is one of the preferred techniques for this, but you may also try with electric microscopic imaging techniques,
or perhaps thin sections.
Sum all the clay mineral proportions and all the non-clay (silt) mineral proportions.
Define pSilt as the ratio between the non-clay (silt) minerals to the rock total (clays + silt).
The correct proportions to take should be volume proportions instead of weight proportions.
However, they usually produce somewhat similar numbers for practical log practices.
Then, assuming that the shale sediments (the clay sediments + silt sediments blend) nature and its proportions
in the pure shale rock (VSH=100%) are approximately similar to the ones in shaly rocks (VSH < 100%),
we can estimate Vclay (VCL) by:
Notice that only if pSilt=0, VCL=VSH, which seldom occurs. If the clays and silts nature, distributions, and proportions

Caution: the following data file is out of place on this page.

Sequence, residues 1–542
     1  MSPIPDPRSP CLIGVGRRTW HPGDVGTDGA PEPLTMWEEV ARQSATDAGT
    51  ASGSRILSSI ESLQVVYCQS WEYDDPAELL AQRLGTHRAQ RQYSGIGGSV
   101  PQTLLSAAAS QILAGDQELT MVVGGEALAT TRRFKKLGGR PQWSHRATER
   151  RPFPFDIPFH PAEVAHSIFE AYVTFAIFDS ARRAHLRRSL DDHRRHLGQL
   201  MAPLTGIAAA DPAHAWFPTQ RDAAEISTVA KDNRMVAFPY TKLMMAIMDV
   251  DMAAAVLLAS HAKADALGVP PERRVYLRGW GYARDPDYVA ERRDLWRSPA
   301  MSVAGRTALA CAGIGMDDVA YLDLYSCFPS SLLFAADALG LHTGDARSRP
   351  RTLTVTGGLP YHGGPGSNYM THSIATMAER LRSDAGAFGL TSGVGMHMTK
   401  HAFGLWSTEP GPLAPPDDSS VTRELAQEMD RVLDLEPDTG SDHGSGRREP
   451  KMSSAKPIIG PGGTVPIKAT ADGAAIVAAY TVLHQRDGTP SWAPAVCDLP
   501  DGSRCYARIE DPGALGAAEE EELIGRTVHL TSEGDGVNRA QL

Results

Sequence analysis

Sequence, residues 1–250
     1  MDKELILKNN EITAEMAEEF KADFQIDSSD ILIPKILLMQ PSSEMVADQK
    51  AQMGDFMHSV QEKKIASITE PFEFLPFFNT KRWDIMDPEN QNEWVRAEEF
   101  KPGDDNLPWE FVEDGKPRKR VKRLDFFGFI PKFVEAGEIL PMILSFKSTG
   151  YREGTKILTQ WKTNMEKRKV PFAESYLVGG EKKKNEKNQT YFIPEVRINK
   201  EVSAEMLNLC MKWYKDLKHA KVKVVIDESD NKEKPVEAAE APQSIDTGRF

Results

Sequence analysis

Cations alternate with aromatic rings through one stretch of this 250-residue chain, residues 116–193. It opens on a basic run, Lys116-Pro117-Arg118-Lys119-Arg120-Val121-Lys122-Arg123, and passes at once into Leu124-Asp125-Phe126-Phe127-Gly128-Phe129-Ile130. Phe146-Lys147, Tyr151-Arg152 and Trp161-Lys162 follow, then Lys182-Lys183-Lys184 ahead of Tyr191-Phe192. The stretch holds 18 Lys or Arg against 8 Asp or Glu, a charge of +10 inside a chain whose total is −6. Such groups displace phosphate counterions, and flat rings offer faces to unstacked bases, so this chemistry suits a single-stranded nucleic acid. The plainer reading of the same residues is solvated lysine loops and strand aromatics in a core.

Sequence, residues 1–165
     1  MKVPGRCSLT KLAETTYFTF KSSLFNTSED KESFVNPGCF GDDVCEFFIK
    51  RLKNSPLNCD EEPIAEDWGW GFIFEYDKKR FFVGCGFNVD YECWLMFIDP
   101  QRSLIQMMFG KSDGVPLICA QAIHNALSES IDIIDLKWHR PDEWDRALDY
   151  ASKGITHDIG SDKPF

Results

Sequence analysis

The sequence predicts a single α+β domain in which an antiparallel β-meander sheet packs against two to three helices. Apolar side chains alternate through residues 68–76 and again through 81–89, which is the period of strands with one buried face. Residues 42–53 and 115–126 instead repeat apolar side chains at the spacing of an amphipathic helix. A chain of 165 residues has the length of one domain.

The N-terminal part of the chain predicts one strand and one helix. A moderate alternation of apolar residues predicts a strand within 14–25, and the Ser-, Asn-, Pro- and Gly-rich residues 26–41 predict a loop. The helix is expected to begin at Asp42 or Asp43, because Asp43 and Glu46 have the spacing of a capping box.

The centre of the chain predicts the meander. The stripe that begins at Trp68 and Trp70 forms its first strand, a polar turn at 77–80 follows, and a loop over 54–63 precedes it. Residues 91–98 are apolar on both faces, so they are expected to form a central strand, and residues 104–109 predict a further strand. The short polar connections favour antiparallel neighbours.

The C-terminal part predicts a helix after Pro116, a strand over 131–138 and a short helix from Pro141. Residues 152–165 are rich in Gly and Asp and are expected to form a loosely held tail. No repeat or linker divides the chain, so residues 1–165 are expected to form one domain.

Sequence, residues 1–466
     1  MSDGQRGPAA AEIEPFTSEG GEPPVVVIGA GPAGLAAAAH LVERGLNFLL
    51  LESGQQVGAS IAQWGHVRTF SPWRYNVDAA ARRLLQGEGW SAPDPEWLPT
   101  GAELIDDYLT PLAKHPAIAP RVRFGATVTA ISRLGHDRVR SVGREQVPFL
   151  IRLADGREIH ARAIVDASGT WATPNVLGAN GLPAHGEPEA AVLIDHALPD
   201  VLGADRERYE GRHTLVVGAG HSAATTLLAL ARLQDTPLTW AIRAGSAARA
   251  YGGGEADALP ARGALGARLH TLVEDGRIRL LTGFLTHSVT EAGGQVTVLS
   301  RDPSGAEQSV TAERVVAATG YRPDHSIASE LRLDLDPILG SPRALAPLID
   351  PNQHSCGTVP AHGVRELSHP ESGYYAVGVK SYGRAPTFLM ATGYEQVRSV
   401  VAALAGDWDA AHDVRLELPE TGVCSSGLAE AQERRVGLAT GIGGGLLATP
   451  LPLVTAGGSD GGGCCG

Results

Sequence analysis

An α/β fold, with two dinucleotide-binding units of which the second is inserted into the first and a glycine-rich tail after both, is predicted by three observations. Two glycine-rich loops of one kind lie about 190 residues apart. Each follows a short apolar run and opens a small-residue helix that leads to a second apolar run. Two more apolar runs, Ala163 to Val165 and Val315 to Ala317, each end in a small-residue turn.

are significantly heterogeneous throughout the reservoir, then pSilt is no longer a constant, but the former approach
can still be applied by modeling pSilt as a space variable, that is, pSilt = pSilt (x,y,z) should be estimated and
interpolated in the reservoir.
Most shale rocks have pClay > 0.65. That is, pSilt = SILTprop < 0.35.
GeolOil defaults pSilt=0.25 and pClay=0.75 for many of its internal equations and mineral solvers.
You are welcome to replace this default value with a custom lab
measured one, or even use a pSilt(z) LAS curve on its own right instead of a constant.
The following table shows an example of an XRD lab result proportions of a gray shale from a shallow, clastic fluvial environment,
shown in the top zone of the left photograph, on regular light.
| Mineral || Proportion |
| Quartz || 0.16 |
| Feldspar || 0.01 |
| Smectite || 0.35 |
| Illite || 0.07 |
| Kaolinite || 0.27 |
| Chlorite || 0.14 |
| Total || 1.00 |
For the table above, pSilt=0.16+0.01=0.17 (17%), and pClay = 0.83 (83%)
The top zone is a classic pure shale, so VSH=1.0, and VCL = pClay * 1 = 0.83. In spite that pSilt=0.17 >0,
the silt size particles of quartz and feldspar are so tiny that still conforms a perfect seal that stopped oil upward flow